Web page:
400-Level Courses

Course Descriptions (as of 15 February 2005)
The following course descriptions have been written by individual instructors to provide more detailed information on specific section sthan that found in the General Catalog.  When individual descriptions are not available, the General Catalog descriptions [in brackets] are used. (Although we try to have as accurate and complete information as possible, this schedule remains subject to change.)

Add Codes
English classes, 300-level and above, require instructor permission for registration during Registration Period 3 (beginning the first day of classes). If students have not registered for a class prior to the first day, they should attend the first class meetings and/or contact the instructor to obtain the necessary add codes.

First Week Attendance
Because of heavy demand for many English classes, students who do not attend all reguarly-scheduled meetings during the first week of the quarter may be dropped from their classes by the department. If students are unable to attend at any point during the first week, they should contact their instructors ahead of time. The Department requests that instructors make reasonable accommodations for students with legitimate reasons for being absent; HOWEVER, THE FINAL DECISION RESTS WITH THE INSTRUCTOR AND SPACE IS NOT GUARANTEED FOR ABSENT STUDENTS EVEN IF THEY CONTACT THE INSTRUCTOR IN ADVANCE.  (Instructors' phone numbers and e-mail addresses can be obtained by calling the Main English Office, (206) 543-2690 or the Undergraduate Advising Office, (206) 543-2634.)

Upper Division (400-level) creative writing courses
Admission to 400-level creative writing courses is by instructor permission.  To receive an add code, prospective students must fill out an information form available in the Creative Writing office (B-25 PDL), present copies of their transcripts verifying that they have taken the appropriate prerequisite classes, and turn in a writing sample for instructor screening.

Senior Seminars
ENGL 497 (Honors Senior Seminar) and ENGL 498 (Senior Seminar) are joint-listed courses; students choose which number to sign up for depending on their individual status. ENGL 497 is restricted to senior honors English majors taking the additional senior seminar required for the departmental honors program. Add codes for ENGL 497 are available in the English Advising office, A-2B Padelford. All other senior English majors should sign up for ENGL 498. Neither ENGL 497 nor ENGL 498 can be taken more than once for credit.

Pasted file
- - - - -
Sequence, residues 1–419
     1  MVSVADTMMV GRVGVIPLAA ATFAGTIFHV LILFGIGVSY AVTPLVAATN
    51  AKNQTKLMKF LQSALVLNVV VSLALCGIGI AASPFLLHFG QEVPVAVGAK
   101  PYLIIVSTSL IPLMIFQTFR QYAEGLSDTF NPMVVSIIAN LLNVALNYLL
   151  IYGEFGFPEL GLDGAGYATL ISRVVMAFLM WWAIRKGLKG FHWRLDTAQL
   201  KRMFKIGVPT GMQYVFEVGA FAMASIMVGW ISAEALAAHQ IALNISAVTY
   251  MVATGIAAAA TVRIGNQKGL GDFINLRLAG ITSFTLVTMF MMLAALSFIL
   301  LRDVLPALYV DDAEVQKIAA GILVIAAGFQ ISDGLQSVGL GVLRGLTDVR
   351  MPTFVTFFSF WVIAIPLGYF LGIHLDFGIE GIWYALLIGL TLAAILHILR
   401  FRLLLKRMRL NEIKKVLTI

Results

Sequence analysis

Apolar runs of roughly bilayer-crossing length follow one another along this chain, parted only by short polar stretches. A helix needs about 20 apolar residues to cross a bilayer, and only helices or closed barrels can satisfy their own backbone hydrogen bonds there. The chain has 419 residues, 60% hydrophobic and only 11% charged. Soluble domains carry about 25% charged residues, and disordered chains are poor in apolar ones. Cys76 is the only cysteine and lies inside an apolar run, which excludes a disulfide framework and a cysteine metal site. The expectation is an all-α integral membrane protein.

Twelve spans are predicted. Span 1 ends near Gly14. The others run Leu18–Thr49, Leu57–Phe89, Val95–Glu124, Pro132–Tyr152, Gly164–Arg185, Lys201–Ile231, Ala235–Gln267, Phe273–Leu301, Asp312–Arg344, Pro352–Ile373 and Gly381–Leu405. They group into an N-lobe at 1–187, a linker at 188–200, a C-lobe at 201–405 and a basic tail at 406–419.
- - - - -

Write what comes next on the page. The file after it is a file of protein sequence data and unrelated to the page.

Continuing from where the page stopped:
452 A (Topics in American Literature)
TTh 10:30-12:20
American Jewish Writing Today.
Offered jointly with C LIT 496B, SISJE 490B.

466 A (Gay & Lesbian Studies)
TTh 12:30-2:20

During the quarter we will focus on the politics of "queer representation," paying particular attention to how gays, lesbian, bisexuals, transgendered and/or other queer-identified subjects are represented, in what contexts, by whom, at what points in time, and with what consequences. Some of the representations we'll be looking at are drawn from mainstream media and government documents; the majority are the work of self-identified lesbian and gay fiction writers, performance artists, film and video-makers, educators, columnists, and critics. Texts: Kenan, Let the Dead Bury the Dead; Linmark, Rolling the R’s; Selvadurai, Funny Boy.

471 A (The Composition Process)
MW 1:30-3:20
Steve Browning
[COnsideration of psychologicla and formal elements basic to writing and related forms of nonverbal expression and the critical principles that apply to evaluation.] Add codes in A-2B PDL.

483 A (Advanced Verse Writing)
Tues 3:30-6:20

This advanced workshop focuses only partly on student work; instructor will provide numerous handouts. No textbook purchases required. Students will be graded on quality of final portfolio (8 – 10 new poems), regularity of attendance, assiduous attention to poems of others, and submission of assignments and exercises. Admission requires instructor permission. Apply via e-mail by the end of Registration Period 1 (March 6) to hmch@earthlink.net including your name, student number, academic status and a writing sample of 5-7 poems. Prerequisite: ENGL 384 and instructor permission (see above). Add codes in Creative Writing office, B-25 PDL.

484 U (Advanced Short Story Writing)
Wed. 4:30-7:20
[Experience wit hthe theory and practice of writing the short story.] Prerequisite: ENGL 384 and instructor permission. Contact Creative Writing office, B-25 PDL, (206) 543-9865, for information on submitting writing samples, application form, receiving add codes, etc.